Saturday, November 6, 2010
The Infidel is a spirited, ballsy comedy that takes on a tricky issue (the friction between Jews and Muslims) with edgy vigor, cloaked behind its broad humor and jovial leading man. It’s a tremendous balancing act that director Josh Appignanesi and writer David Baddiel pull off here; it mines considerable comic gold from a topic that’s not exactly at the top of anyone’s “funny issues” list.
Friday, November 5, 2010
Oliver Stone is a skilled craftsman who has produced a steady stream of consistently entertaining pictures, but there’s an element to his personality—arguably one of his own making—that makes him increasingly difficult to take seriously as a documentary filmmaker. There’s no denying the visceral power and emotional punch of an admittedly brilliant narrative film like JFK, but even Stone admitted to its fabrications and flights of fancy, positioning the film (honestly, if somewhat troublingly) as a “counter-myth” to the “official myth” of the Warren Commission report. No matter where you stand on the creation of “counter-myth” in fiction or docudrama (and this reviewer, for one, is basically fine with it), your reputation as that sort of fabricator can be something of a liability when attempting to enter the realm of serious journalism. Those lingering questions of credibility were an off-camera concern in his previous short docs, Persona Non Grata and Looking for Fidel; they’re even more distracting in his new film South of the Border.
Thursday, November 4, 2010
But it’s always been a good story. Alex Gibney’s Client 9: The Rise and Fall of Eliot Spitzer has the makings of great documentary in many of the same ways that Spitzer’s story made great copy when it broke back in March of 2008: it’s got sex, it’s got crime, it’s got corruption. What’s more, it’s got a seemingly virtuous, all but untouchable figure of public service who takes a spectacular nosedive in the full eye of the public, thanks to a lapse in judgment that seems, in retrospect, stunning in its stupidity.
Wednesday, November 3, 2010
Tuesday, November 2, 2010
The opening passages of the HBO sports documentary Magic & Bird: A Courtship of Rivals utilize gentle music, solemn narration, and deliberate pacing to a degree that verges on melodrama. C'mon, we're thinking, this isn't "The Civil War." It's a movie about a couple of NBA guys! In retrospect, once the film's compact but exhausting 90 minutes have come to a close, the tone of those early scenes seems absolutely appropriate. We're dealing with mythology here, with legends, warriors, and the film treats them as such.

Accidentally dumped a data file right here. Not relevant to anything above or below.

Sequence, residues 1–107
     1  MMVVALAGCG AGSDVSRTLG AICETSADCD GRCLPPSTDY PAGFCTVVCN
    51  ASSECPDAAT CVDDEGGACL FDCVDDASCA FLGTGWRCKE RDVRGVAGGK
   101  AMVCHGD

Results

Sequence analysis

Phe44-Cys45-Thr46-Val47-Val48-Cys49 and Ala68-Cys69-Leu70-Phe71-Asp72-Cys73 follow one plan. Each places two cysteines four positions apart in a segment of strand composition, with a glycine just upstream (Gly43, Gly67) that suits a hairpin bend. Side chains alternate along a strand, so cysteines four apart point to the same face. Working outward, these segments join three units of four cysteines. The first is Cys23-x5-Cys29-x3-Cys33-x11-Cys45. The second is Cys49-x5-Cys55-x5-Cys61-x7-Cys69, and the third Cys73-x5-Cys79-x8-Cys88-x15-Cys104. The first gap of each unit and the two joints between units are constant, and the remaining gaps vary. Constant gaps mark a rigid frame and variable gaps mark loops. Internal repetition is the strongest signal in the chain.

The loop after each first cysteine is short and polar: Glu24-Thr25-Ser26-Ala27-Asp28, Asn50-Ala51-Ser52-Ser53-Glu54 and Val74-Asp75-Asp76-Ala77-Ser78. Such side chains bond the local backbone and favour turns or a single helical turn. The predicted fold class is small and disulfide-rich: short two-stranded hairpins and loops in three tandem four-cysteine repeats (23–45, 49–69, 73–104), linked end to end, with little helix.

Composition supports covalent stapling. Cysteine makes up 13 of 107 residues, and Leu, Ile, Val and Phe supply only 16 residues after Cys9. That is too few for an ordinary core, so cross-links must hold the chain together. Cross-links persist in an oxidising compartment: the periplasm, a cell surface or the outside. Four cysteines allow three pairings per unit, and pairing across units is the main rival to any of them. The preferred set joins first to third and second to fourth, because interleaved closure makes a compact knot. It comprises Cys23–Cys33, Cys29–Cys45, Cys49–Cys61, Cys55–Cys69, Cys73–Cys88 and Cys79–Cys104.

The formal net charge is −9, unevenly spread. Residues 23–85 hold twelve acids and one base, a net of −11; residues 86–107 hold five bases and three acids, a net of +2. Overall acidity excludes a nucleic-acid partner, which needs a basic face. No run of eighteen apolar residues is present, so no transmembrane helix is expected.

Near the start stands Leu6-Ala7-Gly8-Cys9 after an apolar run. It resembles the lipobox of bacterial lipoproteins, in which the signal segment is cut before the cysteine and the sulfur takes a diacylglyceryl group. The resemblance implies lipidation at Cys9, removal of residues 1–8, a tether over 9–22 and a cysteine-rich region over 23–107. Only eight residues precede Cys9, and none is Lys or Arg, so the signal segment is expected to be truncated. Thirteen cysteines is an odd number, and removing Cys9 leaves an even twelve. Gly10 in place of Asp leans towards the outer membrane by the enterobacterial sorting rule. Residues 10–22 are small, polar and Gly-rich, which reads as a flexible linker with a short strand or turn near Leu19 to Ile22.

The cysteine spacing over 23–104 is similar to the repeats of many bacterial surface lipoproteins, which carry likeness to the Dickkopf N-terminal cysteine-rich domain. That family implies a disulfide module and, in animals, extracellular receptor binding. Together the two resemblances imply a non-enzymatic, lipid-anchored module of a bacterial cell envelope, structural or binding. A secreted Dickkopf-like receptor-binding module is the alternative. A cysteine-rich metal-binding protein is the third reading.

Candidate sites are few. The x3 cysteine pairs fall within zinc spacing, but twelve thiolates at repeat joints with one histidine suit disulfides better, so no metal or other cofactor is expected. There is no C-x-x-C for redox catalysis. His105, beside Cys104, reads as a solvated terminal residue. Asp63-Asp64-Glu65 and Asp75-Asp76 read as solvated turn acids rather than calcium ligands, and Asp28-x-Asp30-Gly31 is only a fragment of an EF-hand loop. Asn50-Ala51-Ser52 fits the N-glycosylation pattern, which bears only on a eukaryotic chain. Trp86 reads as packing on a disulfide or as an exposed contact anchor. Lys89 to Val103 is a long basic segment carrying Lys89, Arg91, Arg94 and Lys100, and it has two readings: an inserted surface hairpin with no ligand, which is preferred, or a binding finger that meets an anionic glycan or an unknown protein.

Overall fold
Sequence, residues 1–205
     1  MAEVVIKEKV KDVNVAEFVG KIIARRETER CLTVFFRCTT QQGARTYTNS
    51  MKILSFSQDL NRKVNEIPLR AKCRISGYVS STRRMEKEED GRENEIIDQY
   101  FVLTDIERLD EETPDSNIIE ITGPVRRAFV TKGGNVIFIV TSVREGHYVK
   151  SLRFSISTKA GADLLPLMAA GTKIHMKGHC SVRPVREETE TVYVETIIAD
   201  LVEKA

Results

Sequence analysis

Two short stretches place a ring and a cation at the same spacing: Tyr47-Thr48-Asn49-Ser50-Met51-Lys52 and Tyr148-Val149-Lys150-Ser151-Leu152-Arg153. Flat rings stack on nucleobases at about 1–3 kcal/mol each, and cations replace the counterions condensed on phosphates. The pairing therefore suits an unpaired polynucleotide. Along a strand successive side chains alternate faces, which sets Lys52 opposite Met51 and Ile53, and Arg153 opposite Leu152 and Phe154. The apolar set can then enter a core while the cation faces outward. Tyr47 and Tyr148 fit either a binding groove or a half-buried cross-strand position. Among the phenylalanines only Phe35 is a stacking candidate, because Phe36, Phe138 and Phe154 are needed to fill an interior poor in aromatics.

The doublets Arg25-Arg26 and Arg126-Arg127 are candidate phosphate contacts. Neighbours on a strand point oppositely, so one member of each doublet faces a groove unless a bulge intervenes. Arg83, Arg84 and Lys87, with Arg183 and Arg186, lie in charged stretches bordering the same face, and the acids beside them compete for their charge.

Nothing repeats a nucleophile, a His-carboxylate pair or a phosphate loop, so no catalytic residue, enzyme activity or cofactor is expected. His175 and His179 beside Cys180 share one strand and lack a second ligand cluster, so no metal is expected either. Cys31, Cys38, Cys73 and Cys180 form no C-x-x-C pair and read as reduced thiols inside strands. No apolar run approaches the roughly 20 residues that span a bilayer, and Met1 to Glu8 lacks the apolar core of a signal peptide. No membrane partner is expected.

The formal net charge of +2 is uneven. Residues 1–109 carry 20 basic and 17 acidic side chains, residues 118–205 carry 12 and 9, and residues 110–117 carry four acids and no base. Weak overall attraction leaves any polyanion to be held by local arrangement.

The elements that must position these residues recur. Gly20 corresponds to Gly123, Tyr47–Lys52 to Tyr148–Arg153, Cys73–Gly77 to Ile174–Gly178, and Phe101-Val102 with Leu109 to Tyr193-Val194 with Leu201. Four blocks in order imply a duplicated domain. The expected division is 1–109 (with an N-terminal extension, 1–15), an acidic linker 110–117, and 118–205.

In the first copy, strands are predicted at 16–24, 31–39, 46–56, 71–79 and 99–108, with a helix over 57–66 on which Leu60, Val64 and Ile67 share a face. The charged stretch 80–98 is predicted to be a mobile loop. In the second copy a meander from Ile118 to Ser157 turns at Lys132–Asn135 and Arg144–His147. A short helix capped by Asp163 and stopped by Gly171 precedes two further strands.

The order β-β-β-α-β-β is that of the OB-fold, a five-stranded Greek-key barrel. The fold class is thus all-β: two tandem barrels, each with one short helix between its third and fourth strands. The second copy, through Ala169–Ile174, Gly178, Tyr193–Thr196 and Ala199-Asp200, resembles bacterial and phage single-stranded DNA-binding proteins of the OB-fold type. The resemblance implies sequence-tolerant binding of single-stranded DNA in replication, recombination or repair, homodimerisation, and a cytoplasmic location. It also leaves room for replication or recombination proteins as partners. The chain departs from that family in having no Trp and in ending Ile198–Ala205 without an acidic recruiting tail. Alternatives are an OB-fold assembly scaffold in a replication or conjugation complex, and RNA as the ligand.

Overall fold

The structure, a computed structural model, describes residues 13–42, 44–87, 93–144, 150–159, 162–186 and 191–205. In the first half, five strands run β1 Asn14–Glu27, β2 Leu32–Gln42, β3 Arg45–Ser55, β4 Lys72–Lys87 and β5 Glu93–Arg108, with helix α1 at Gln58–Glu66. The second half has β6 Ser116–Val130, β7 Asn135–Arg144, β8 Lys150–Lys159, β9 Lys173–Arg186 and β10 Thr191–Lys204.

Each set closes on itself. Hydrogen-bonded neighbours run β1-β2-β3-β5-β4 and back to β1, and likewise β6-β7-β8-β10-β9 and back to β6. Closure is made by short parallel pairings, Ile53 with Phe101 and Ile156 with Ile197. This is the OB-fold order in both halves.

Monday, November 1, 2010
Director Ben Steinbauer first saw the Winnebago outtakes, as many did, on a VHS tape that had been floating around in dupes of varying quality for several years. The story goes that back in 1989 a man named Jack Rebney was fronting an industrial video for the Winnebago corporation and was so angry and abusive to his crew that they just kept the camera rolling, and used the outtakes to get Rebney fired. The tape became a favorite of filmmakers and fans of odd “found footage,” primarily thanks to Rebney’s palpable temper and colorful profanity, and when it hit YouTube, it became an viral video sensation. There were highlight reels, there were tributes, there were remixes. But Steinbauer couldn’t help but wonder, whatever became of that frustrated, bitter man? “I felt bad for the guy,” he tells us in voice-over. “But I loved the clip.” And for reasons unknown, Ben Steinbauer decided to track Jack Rebney down. Winnebago Man is the story of what he found.
Sunday, October 31, 2010
Perhaps the most damning but accurate charge that can be lobbed at James Cox’s Wonderland is that it’s no Boogie Nights. For most movies, that’s not a big deal; Casablanca is no Boogie Nights, and that doesn’t hurt it a bit. But Wonderland is dealing with what amount to the same characters and themes as Paul Thomas Anderson’s 1997 masterpiece, and it suffers in comparison even while it is closer to fact (and more sensationalistic in nature).